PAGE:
Skip to content


    Exciting News for WebMD Members!

    We've been busy behind the scenes building new message boards for you. You'll have new and easier ways to find messages, connect with others, and share your stories.

    And, this will all be available on your smartphone or other mobile device!

    What Do You Need to Do?

    The message board you're used to will be closing in the coming weeks. While many of your boards will be making the move to our new home, your posts will not. Want to keep a discussion going? Save posts you want to continue (this includes your member profile story), so that you can re-post them in the new message boards.

    Keep an eye here and on your email inbox, we'll be back in touch soon to give you all the information you need!

    Yours in health,
    WebMD Message Boards Management

    hypoglycemia unawareness
    juliem1964 posted:
    hi everyone. my name is Julie. I have been type 1 since 1998. turning the BIG 5-0 on sunday. I have had hypoglycemia unawareness for quite a long time now, I have been on an insulin pump since 2006. I am curious to see if anyone has this experience also. my son and my husband both have had to call the ambulance because I have gone into a diabetic seizure because of my body not creating the symptoms for lows. one time I woke up in the emergency room after recovering and asked my husband where were my bottom teeth(I wear dentures). is hypoclycemia unawareness a form of nerve damage? any help would be appreciated. thanks!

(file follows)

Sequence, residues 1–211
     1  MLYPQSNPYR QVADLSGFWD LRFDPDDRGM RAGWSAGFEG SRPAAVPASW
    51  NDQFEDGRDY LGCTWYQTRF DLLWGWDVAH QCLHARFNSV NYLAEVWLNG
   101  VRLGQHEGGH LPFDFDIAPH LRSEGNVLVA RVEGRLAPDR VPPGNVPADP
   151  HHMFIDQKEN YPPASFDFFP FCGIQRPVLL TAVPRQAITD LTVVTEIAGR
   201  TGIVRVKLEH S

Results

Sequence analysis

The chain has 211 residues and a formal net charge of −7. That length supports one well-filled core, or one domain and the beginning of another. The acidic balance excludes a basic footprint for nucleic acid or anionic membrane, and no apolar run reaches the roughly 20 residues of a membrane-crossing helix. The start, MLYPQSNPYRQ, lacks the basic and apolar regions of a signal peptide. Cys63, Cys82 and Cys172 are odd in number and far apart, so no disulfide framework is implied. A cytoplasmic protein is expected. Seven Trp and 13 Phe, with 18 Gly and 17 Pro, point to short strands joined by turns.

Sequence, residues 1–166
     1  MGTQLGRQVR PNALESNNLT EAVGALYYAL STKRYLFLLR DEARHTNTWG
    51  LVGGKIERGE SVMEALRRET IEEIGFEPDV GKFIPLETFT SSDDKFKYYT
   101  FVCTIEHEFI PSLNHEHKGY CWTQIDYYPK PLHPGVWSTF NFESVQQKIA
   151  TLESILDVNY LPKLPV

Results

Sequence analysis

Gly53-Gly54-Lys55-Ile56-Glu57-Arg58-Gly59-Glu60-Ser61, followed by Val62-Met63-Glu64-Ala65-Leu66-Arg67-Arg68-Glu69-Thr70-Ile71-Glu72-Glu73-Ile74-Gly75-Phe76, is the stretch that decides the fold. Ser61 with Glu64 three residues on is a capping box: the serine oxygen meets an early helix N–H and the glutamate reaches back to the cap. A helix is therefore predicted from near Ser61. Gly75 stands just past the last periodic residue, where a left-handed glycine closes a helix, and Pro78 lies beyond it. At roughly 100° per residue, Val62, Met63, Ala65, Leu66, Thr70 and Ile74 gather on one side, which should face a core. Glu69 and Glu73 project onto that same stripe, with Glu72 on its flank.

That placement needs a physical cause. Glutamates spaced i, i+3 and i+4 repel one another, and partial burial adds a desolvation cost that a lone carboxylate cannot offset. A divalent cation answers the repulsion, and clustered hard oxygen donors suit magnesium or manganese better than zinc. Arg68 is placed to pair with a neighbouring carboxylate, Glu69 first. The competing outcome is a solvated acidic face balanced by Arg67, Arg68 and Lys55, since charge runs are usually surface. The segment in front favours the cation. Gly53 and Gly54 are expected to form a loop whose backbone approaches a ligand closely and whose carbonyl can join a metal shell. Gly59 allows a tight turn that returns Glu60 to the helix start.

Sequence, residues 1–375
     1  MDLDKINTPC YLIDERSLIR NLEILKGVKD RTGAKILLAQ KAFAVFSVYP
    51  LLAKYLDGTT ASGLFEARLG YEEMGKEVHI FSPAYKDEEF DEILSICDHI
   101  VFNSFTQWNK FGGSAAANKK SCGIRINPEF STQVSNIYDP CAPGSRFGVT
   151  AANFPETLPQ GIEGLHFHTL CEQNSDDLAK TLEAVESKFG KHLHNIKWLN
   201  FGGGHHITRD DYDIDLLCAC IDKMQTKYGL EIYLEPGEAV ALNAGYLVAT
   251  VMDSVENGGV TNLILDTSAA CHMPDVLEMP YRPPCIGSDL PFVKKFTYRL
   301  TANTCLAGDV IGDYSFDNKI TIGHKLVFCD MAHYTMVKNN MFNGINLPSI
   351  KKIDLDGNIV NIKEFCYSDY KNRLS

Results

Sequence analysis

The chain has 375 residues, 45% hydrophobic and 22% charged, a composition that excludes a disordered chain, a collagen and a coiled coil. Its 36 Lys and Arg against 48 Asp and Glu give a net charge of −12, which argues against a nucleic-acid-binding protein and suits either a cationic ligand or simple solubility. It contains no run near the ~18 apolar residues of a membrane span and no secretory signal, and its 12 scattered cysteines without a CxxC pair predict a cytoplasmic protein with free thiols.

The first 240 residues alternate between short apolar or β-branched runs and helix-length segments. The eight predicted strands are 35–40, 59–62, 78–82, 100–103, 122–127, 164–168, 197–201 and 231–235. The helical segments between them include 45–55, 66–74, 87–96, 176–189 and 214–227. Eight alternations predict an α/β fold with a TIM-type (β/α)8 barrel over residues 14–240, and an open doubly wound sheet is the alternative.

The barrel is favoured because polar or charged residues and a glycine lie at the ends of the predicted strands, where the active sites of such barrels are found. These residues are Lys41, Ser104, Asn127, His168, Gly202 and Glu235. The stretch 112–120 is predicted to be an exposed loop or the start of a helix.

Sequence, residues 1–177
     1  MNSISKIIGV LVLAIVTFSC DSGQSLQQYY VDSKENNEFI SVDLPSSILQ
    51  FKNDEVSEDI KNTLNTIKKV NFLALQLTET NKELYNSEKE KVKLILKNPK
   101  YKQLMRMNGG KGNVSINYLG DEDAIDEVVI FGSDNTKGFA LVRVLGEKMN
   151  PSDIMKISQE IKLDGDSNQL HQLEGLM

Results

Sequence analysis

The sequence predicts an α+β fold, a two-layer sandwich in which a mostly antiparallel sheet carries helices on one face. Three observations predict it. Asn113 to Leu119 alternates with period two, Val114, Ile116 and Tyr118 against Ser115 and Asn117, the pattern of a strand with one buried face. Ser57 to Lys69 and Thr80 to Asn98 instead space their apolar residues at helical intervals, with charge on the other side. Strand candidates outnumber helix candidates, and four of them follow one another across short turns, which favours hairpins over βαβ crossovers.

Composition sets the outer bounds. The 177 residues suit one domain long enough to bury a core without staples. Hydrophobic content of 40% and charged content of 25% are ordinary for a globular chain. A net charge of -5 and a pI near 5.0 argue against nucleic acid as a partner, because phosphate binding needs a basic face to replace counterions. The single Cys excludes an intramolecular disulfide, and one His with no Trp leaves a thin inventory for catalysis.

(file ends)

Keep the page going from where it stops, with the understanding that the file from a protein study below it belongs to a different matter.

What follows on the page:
mrscora01 responded:
    Hypoglycemic unawareness occurs when you spend too much time too low. There are other factors in that some folks are more susceptible to getting it, but it happens most often when your body gets used to the lows and starts ignoring them.

    If you don't mind my asking, what have your a1cs been? Do/did you go low often? In some people, running high (consistently) for a month or so can help to bring the signals back. But most folks don't want to do this because they are simply unwilling to run high for a while (although certainly not long enough to cause any damage).

    Interestingly enough, hypounawareness is one of only 2 qualifiers for a pancreas transplant (kidney failure/transplant is the other). With a new pancreas you wouldn't go low and would get used to steady glucose levels. But you will be trading one set of problems for another potential set of problems (anti-rejection drug side effects).

    Hope this helps a bit.

    T1 1966, Dialysis 2001, kidney transplant and pump 2002, pancreas transplant 2008

    Helpful Tips

    tips to help me help a family member
    does anyone have tips to bring down diabetes More
    Was this Helpful?
    1 of 1 found this helpful

    Expert Blog

    Conquering Diabetes - Michael Dansinger, MD

    Dr. Michael Dansinger provides thoughtful tips for those with type 2 diabetes or pre-diabetes who want to reclaim their health...Read More

    Related Drug Reviews

    • Drug Name User Reviews

    Report Problems With Your Medications to the FDA

    FDAYou are encouraged to report negative side effects of prescription drugs to the FDA. Visit the FDA MedWatch website or call 1-800-FDA-1088.